Set in a time when agriculture is giving away to other industries, this is the story of Walter Thirsk, an outsider in a peaceful, rural English village that becomes transformed over the course of a week.

My favorite part of the book was the vivid, poetic language. The descriptions are narcotic, as if I was reading a realistic version of a drug-induced vision. I’m not saying that the prose itself is dream-like. On the contrary, the narrative is dense with grounded details. Rather, it’s as if the descriptions are a product of a hyper-realistic, paranoid, visionary trip. I was never sure what would happen next nor what to truly believe.

This is a Great Book and should be read far and wide. This will withstand multiple readings. However, this book is demanding and will ask more of the reader than most current fiction.

One of my book clubs tackled this book, and the discussion was intense and illuminating. Many people did not like the book because it lacks any empathy, especially for the main character, nor does the book have a packaged ending, issues that can turn off a lot of readers. But the book provided plenty of depth for a good discussion, a sign of a worthwhile read.

My example quote from the book comes from page 45 when Walter is walking around the village at night:  “But other gentler odors too. The acrid smell-exaggerated by the rain-of elder trees. The bread-and-biscuit smell of rotting wood. The piss-and-honey tang of apple trees. I navigate my midnight village as a blind man would, by nose and ears and touch and by the vaguest, blackest forms.”

I have trouble recommending this to casual readers—this is not a beach read. I do recommend this wholeheartedly to serious book clubs. Not everyone will like the book, but everyone will like the discussion. I also strongly recommend it to any readers who want a substantial novel that challenges them.

You can find my discussion questions here.

The Harvest by Jim Crace

Discussion Questions

What does the frequent use of “we” tell us about Walter? In what parts of the plot does Walter start going by “I” instead of “we”? Why does Walter so badly want to use the “we” pronoun?

On page 2, Walter insists that “We’re not a hurtful people, hereabouts.” Is this true? Does the village bring about the tragedies on themselves or was this all going to happen regardless? Could Walter have changed any of what happened, if he, for example, told on the village boys at the beginning?

The villagers seems to think that seven days on the pillory is not such a bad fate. Why don’t they think of this as a more severe punishment? Is suffering different for the villagers than for readers? What happens when there is no official law, just the ruling of a landholder?

Madam Bedlam is referred to as “fair game” (pg. 27). What makes her so beautiful to the village men? Is it just how she looks? What else might they find attractive about her? Walter assumes every man, including Mr. Quill, wants to catch the woman in order to sleep with her. Do you think he’s right? If so, do you think the men plan on seducing her or raping her?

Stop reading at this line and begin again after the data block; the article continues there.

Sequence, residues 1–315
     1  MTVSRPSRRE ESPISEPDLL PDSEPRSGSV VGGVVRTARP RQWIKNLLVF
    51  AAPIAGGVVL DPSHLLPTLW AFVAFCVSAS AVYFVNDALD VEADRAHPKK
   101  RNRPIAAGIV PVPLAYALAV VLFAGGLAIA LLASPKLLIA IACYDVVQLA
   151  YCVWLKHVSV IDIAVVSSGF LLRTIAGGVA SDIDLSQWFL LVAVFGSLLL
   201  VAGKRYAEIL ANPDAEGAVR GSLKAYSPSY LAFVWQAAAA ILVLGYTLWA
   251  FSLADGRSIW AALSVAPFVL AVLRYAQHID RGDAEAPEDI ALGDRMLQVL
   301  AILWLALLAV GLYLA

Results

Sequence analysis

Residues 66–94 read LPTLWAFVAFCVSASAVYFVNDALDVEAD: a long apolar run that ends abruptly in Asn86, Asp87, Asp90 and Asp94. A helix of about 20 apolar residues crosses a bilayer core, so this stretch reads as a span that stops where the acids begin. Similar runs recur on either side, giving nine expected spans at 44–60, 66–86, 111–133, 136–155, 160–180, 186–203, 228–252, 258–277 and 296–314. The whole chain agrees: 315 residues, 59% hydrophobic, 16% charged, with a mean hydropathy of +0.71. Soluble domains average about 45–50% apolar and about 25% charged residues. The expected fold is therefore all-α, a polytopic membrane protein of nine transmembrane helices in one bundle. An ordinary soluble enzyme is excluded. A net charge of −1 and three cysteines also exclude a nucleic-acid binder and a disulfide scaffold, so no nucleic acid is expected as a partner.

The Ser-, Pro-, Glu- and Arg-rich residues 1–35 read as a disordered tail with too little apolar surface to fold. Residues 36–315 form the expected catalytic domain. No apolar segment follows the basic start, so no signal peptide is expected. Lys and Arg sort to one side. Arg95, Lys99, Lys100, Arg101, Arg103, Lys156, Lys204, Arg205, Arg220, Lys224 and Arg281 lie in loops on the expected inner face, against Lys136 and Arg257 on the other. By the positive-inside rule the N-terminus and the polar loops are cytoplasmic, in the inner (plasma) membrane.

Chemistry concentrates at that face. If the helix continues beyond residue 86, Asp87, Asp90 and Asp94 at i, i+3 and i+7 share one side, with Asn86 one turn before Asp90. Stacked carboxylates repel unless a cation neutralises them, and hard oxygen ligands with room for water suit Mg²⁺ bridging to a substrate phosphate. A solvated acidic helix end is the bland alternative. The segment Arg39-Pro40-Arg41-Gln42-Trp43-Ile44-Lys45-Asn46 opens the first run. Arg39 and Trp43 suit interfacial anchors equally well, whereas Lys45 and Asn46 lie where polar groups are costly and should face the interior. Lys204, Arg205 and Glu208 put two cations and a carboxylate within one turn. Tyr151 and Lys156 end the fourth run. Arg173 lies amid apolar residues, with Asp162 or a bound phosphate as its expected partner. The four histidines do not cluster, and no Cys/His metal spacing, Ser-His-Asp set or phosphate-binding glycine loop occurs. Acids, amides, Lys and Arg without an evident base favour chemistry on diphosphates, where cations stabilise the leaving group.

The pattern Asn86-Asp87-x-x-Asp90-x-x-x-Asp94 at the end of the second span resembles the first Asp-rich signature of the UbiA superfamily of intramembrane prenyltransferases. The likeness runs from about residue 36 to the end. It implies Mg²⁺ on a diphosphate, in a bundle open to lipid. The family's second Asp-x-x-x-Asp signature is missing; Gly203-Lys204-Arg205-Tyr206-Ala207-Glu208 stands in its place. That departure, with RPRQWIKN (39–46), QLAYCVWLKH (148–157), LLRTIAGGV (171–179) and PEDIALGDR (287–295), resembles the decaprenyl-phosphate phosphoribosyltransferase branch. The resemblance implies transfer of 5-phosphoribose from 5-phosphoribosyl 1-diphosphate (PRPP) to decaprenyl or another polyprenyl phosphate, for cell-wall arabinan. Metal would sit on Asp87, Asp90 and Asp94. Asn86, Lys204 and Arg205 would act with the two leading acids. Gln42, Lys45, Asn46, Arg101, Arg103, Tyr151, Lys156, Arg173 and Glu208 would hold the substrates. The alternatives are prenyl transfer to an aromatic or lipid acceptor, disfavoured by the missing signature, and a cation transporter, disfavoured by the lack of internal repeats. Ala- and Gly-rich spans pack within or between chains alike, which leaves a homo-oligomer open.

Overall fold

The word “deserve” is used on the following pages: 5, 14, 19, 22, 63, 73, 77, 87, 96,161 (twice), 208. And that’s not counting how many times the word “earned” is used. What does the frequent use of these words tell us about the narrator Walter? Do you think the other characters care as much about whether something is deserved as Walter? Do people get what they deserve in the story? How does this fit in with the idea of a harvest?

“Lanterns throw out such deep and busy shadows that my neighbors’ faces are hard to place. They are grotesques, but only for a moment.” (pg. 29). This is a good example of the writer’s ability to generate suspense and foreshadowing. Did you highlight any places that use this kind of word choice for effect? (Read them aloud.) How would you describe the writer’s style?

Master Jordan figures out that Walter Thirsk’s name sounds like Water Thirst (pg. 165). What might the thirst for water mean in this story?

On page 42, Walter calls doves “white consciences on wing.” Does this statement connect with the destruction of the dovecote earlier? What might the doves symbolize to the villagers? What might they symbolize to the reader?

Does it mean anything that this village doesn’t have a church? Is there any danger for them to worship at the pillory instead of a cross? Do they need a religion, and if they do, how to they compensate when there’s no formal religion in the life?

After the older man dies on the pillory, on page 132, Walters has these thoughts: “These are not the customary village ways. Our church ground has been desecrated by our surliness. Our usual scriptures are abused. This body on the cross is not the one that’s promised us.” Are any of their problems to blame on the lack of a church? The large oak tree “is so old it must have come from Eden” (pg. 174). Why does Walter connect the land to Christian symbols? Is this book allegorical?

What does the map tell us about the land? What might it mean that the current map of the land has a face which the map of the future land destroys? Walter believes that Mr. Quill’s map doesn’t capture the true nature of the land (pg. 121). What else does Mr. Quill not get about this place?

Why does he continue to forget how small Madame Bedlam is? What does it say about her that she wears a velvet shawl above her station? What might be some guesses as to what happened to her before she enters the story? Does Madame Bedlam bring an actual curse?